SAGES-2 Test Prep
The Sages-2 (Screening Assessment for Elementary and Gifted Students) draws on a diverse array of linguistic, quantitative, and reasoning based questions (at multiple grade levels), so there is a lot you can do to successfully prepare your child for the test. Common skill sets such as focus, synthesizing, patterning, comprehension, analogizing, and mathematical and linguistic reasoning are all areas that the exam will touch upon. To get a start preparing for the SAGES-2, take a look at our 100 free practice questions.
Our resources available with a TestingMom.com membership can help your child feel confident in these abilities upon entering the exam. Because this is a gifted and talented test, students will be expected to successfully answer advanced questions geared towards their grade level and beyond. Even before delving into the study phase, both you and your child should initially complete a few simple steps:
Familiarize Yourself with the Overall Design of the Test
Understanding the expectations of each of the three subtests (mathematics/science, language arts/social studies, and reasoning), is a step in the right direction. Although it is difficult to predict what will be encountered on the test, developing the right approach to problem solving will help your child successfully navigate each question. We have a more detailed overview of the SAGES-2 test here.
Word identification and an advanced vocabulary are essential for the Language Arts/Social Studies subtest. Many questions require fill in the blanks, the assignment of words to visuals, and the ability to reference dictionary definitions. There are many activities you can do with your child to improve this skill:
- Keep reading with your child. If your child is beginning to read independently then have them read to you! This is an excellent way to expand vocabulary while testing them on any words that they encounter/do not know.
- Make a game out of your surroundings. Talk to them about what they see outside or in the household. This activity helps them to work on sentence structure while integrating different aspects of their vocabulary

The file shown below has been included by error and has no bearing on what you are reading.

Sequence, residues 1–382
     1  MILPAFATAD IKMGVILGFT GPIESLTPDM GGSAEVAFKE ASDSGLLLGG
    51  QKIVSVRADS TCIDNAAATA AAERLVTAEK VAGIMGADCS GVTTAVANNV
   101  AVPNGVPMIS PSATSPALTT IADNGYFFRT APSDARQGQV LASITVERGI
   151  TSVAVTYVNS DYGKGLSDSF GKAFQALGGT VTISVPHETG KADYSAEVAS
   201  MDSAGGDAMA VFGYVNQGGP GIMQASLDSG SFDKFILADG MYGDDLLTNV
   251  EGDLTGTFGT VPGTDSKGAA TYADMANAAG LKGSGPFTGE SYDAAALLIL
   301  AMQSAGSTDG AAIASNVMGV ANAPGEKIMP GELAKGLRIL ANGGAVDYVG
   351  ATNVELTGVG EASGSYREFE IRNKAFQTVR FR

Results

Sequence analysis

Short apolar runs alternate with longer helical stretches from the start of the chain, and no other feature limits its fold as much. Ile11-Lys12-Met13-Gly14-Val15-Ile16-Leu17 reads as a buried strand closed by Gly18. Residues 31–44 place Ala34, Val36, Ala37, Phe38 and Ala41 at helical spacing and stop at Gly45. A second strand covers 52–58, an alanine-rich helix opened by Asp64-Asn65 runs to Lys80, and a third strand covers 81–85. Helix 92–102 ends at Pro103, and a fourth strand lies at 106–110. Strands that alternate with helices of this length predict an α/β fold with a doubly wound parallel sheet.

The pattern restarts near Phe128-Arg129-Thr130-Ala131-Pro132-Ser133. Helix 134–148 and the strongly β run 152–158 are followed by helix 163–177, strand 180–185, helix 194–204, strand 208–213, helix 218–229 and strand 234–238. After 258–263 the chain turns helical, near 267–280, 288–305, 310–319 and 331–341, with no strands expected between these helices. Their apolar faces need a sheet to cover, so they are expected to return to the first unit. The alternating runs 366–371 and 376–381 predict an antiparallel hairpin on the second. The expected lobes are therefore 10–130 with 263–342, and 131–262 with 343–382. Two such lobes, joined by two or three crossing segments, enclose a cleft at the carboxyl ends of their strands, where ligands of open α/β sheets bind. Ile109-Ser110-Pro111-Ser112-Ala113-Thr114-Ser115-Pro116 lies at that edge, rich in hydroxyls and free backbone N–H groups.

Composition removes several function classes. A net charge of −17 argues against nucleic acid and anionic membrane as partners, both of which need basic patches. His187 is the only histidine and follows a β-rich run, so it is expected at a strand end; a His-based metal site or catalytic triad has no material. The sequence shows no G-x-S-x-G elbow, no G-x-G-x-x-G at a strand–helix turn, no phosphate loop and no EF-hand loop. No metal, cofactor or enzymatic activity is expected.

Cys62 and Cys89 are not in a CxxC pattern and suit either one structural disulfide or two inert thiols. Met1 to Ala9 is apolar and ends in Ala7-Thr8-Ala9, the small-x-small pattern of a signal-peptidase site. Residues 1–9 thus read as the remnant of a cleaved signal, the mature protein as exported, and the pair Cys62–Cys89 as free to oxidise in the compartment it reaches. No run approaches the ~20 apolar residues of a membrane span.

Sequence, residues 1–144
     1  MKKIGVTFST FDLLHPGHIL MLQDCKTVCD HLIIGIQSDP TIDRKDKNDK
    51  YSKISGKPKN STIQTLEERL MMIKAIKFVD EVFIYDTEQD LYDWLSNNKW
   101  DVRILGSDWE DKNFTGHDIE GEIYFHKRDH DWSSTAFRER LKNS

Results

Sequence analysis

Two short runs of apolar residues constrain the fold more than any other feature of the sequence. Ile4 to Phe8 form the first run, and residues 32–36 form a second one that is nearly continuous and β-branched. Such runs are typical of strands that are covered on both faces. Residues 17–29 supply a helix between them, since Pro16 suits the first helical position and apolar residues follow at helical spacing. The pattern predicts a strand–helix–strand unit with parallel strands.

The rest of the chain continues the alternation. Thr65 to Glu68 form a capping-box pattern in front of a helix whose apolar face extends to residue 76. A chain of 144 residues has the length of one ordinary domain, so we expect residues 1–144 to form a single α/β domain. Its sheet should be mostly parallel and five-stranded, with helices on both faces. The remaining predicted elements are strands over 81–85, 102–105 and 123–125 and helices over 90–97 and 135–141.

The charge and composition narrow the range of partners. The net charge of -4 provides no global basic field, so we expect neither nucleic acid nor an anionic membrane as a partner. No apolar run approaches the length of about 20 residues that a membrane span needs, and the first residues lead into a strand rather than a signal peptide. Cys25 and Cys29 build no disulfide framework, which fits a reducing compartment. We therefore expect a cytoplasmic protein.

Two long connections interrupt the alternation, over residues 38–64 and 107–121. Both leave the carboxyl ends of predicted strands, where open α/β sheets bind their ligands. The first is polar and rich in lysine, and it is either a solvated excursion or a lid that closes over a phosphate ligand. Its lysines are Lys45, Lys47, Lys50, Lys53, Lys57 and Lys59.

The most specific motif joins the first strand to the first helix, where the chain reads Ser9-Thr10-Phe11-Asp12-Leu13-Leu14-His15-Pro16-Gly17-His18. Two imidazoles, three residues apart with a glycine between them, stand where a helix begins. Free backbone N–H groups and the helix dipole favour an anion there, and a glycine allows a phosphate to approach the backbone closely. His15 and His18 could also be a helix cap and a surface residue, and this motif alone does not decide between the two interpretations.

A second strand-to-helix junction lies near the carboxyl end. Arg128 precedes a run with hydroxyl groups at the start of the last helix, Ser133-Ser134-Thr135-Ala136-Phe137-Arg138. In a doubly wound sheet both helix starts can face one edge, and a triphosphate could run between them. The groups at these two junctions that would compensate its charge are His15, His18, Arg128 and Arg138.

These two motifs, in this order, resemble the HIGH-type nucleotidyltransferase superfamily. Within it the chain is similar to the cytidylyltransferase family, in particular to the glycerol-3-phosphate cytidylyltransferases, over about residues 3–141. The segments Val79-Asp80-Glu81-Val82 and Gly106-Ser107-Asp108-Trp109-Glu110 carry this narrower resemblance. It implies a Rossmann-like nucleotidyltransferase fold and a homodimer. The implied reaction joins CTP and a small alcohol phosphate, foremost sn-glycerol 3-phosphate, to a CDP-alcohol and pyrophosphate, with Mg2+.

- Flashcards are an excellent way to test and reinforce vocabulary. Additionally, TestingMom.com offers an assortment of interactive practice and games that your student can practice with, such as Digital Tutor, which can measure and track your child’s progress over time.
Practice Analogies and Problem Solving
Have your child practice looking at relationships between colors, figures, and shapes. Sequential reasoning, or having an understanding of what step may “come next” is at the core of the reasoning section. For example, in a traditional analogy question, the child will encounter an analogy matrix. For example, they will see a chair next to an adult man in the top row, and a baby with an empty box next to it in the bottom row. Out of their four options to put in the bottom row, they would assume that if an adult sits in a chair, then a baby would sit in a highchair. By looking at the previous relationship, they could decipher a parallel relationship between the baby and highchair.
Practice Familiarity with Numbers, Science, and More
For the Mathematics/Science section of the SAGES-2, it is especially important to practice foundational math skills such as addition, subtraction, multiplication, and division (for the older students). Your child should try and gain fluency in mathematical language by learning terms such as “decreased by”, “less/more than”, “between”, “product of”, or “increased/decreased by” (just to name a few).
Additionally, fractions, measurement, and patterning/sequencing finding what comes next or what doesn’t belong) should all be reinforced for the exam. For the science section, it is helpful for the child to gain knowledge in areas such as temperature, scientific instruments, and the grouping or categorization of different animals, plants, and foods. You may find that by taking your child outside and having them experience their surroundings, he or she can absorb the different properties of the environment. This will be especially pertinent to the younger grade levels. For example, if it is cold outside ask your child what happens to water when the temperature goes down.